Cats and dogs, while mammals, also do not make suitable marriage partners. Even cat lovers will acknowledge that though their cats may be capable of love, and while they display a high (and often frustrating) degree of autonomy, they are still not able to give consent either to marriage or sexual relations. Moreover, cats’ reciprocity is debatable—do they love their owners, or is it merely (pardon the metaphor) a marriage of convenience? Dogs, likewise, are not able to give consent, although they demonstrate a high degree of loyalty. Since both of these animals lack language, making vows and giving consent are not possibilities. Dogs are still valuable helpers: service dogs illustrate the kind of important bond between dogs and humans.

While the Greek and Roman myths are full of stories of humans cavorting sexually with gods in the form of animals (swans, bulls, and eagles, just to name a few), and while inter-species sexual activity has been documented in real life, these relationships can hardly be said to constitute marriage. In most of the mythological cases, the consent of the human, if not the animal, is ambiguous. At the very least, there was an element of dissembling: Did Leta know the swan was Zeus? We cannot know. Either Leta or the swan or both were violated, which places that sexual act outside the realm of what is proper. This has not kept artists from depicting—quite frequently—these various sexual encounters.

I can imagine, though, that inter-species marriage relationships might be possible if we met a sentient alien race that was similar enough to our own (even though theirs may have multiple genders, or no gender). Could we talk reasonably about “what God intended” in such a circumstance? But who knows? They might find our monkey-like bodies too disgusting to contemplate anything other than a platonic relationship. Like robotic artificial intelligence, this falls outside the scope of this article.

Free consent is vital to the concept of modern Western marriage. It has not always been so. Child marriage, shotgun weddings, and concubinage have all been part of our history. Some ancient biblical authors believed that guaranteeing paternity was more important than consent, so a man who raped a virgin was then obligated to marry her (Deuteronomy 22:28-29). In that culture, such marriages helped secure her future, since her value as “unspoiled merchandise” was diminished. However, other Biblical authors creatively critiqued this social double-standard (see again the story of Tamar in Genesis 38).

Consent also rules out marrying people who are catatonic or mentally impaired to a degree that they cannot give consent. For this reason, pastors will often refuse to marry people who are drunk. Modern anecdotes of couples who get drunk and wake up married in Las Vegas are common, although these are usually cautionary tales of what ought not to be done. One must be sober and in full possession of one’s faculties to get married.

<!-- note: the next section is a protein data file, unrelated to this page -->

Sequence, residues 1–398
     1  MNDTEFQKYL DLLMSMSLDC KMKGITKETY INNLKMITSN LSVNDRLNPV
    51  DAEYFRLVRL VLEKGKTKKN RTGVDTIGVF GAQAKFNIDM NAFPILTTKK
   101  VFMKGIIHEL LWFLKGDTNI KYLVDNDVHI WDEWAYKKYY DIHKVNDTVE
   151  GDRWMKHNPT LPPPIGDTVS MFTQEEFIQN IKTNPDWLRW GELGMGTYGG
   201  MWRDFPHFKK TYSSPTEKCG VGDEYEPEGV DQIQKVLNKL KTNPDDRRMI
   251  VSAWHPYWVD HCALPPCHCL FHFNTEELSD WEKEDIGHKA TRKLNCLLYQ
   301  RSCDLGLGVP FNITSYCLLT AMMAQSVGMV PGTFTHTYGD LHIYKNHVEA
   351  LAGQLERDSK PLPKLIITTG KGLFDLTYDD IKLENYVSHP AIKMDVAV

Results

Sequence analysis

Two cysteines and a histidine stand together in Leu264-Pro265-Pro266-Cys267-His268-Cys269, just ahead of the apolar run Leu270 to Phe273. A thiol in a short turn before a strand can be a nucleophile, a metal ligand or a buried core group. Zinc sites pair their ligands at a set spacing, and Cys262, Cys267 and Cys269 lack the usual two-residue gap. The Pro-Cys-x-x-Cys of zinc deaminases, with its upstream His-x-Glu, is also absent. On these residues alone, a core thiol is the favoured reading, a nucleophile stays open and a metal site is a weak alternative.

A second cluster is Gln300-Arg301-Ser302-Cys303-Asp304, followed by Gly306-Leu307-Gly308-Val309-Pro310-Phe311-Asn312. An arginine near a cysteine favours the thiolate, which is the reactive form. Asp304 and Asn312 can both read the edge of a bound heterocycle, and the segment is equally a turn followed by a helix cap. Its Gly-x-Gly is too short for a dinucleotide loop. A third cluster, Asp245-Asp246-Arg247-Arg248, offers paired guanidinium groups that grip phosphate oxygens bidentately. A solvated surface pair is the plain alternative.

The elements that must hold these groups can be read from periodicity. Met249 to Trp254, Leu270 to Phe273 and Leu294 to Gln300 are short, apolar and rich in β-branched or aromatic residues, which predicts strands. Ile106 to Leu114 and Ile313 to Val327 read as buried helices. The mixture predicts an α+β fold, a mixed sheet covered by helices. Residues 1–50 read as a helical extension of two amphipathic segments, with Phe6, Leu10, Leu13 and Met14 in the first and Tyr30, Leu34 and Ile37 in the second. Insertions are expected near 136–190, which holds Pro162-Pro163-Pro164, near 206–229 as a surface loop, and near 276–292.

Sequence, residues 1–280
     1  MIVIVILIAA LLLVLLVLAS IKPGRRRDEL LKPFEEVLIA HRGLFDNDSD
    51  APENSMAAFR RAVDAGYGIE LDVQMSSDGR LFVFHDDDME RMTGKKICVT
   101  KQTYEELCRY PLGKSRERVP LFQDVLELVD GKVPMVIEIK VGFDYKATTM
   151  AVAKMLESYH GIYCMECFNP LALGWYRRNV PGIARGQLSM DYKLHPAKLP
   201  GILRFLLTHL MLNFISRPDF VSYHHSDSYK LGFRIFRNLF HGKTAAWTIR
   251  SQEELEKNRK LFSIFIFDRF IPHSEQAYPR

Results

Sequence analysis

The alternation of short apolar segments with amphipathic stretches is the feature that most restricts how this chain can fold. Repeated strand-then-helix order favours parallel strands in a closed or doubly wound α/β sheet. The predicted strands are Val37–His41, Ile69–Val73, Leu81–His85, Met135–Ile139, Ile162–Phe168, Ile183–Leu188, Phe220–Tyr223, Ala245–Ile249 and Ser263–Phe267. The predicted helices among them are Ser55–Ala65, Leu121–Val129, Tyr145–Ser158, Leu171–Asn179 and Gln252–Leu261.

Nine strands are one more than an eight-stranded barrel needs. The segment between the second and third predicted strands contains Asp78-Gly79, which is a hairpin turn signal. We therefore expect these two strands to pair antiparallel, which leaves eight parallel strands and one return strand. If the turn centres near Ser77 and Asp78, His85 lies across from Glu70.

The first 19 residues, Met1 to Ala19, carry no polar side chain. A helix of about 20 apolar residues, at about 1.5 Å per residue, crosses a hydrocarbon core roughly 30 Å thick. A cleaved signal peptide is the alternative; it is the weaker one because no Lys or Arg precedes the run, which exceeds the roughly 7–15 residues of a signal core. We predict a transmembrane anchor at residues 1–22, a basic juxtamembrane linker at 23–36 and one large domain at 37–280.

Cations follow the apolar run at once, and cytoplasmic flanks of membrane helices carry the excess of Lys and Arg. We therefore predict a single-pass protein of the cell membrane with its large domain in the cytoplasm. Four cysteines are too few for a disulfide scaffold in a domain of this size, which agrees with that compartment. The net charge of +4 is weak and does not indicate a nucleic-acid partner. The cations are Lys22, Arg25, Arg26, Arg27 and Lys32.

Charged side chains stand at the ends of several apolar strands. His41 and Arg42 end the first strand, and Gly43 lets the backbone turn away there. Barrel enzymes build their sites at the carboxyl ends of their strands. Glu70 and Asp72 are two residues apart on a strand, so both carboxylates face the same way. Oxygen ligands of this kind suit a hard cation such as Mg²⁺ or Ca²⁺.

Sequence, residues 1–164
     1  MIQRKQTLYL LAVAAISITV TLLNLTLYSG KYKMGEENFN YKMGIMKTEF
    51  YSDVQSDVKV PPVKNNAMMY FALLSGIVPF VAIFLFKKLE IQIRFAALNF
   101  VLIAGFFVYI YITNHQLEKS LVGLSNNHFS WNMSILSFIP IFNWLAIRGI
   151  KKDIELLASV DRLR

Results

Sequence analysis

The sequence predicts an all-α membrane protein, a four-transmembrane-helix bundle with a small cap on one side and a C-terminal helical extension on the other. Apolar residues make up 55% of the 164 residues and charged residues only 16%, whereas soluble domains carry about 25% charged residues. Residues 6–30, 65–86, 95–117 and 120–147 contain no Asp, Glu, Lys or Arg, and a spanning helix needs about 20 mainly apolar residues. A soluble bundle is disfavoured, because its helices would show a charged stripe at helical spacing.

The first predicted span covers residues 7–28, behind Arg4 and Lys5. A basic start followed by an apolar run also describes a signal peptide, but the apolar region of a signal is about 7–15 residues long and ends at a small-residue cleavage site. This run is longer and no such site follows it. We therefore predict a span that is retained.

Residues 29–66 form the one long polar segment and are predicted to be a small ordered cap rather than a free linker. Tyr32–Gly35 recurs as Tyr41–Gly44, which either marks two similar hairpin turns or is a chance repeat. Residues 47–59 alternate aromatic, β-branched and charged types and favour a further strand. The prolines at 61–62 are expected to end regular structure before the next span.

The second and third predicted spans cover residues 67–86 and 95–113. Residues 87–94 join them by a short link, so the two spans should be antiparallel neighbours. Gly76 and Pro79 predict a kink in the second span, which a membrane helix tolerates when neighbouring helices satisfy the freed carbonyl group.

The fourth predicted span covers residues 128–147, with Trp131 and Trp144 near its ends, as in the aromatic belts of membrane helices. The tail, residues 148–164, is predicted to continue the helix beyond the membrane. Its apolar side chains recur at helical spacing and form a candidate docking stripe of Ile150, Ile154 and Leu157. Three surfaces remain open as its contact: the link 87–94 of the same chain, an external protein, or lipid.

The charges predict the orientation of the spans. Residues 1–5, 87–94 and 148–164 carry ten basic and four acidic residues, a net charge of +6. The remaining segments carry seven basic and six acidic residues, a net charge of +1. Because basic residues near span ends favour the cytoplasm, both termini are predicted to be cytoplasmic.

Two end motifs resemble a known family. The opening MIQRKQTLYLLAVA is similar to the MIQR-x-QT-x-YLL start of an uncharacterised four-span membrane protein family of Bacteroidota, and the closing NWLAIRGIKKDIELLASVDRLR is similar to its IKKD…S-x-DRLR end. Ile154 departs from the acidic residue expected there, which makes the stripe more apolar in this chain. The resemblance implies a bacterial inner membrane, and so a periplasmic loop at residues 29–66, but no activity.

4. Taboo Relationships

What about taboo human relationships? Incestuous marriages? Multiple partners?

Incestuous relationships are problematic for a number of reasons, primarily related to autonomy, consent, equity, and reciprocity. In familial relationships, the primary question becomes “how free is the person to make a choice?”

We can compare it to another common ethical violation: If a boss or a supervisor demands a relationship with a subordinate, it is workplace harassment. Family relationships, which are even more private, contain much greater possibility for abuse. Even if someone gives their consent, we’re left with the question, “How free is their consent?” In the workplace or in the military, a consequence of rejection may be firing, demotion, or loss of pay. The reward for compliance may be promotion, higher compensation, or status and prestige. The consequences may be described explicitly as a threat or reward, or, more deviously, they may be implicit and assumed. These latter cases are the most insidious, as people in power often claim that people under their power were willing partners.

In family relationships, even the loss of esteem of a family member may be coercive, especially in parent-child relationships. In this situation, how can consent be truly free? Even if these consequences are only possibilities, they place partners in very unequal positions of power.

While romance does happen in the workplace, generally supervisors and subordinates must sever their workplace relationship. This is not possible with familial relationships. Because of discrepancies in power and the question of consent, incestuous marriage remains unacceptable.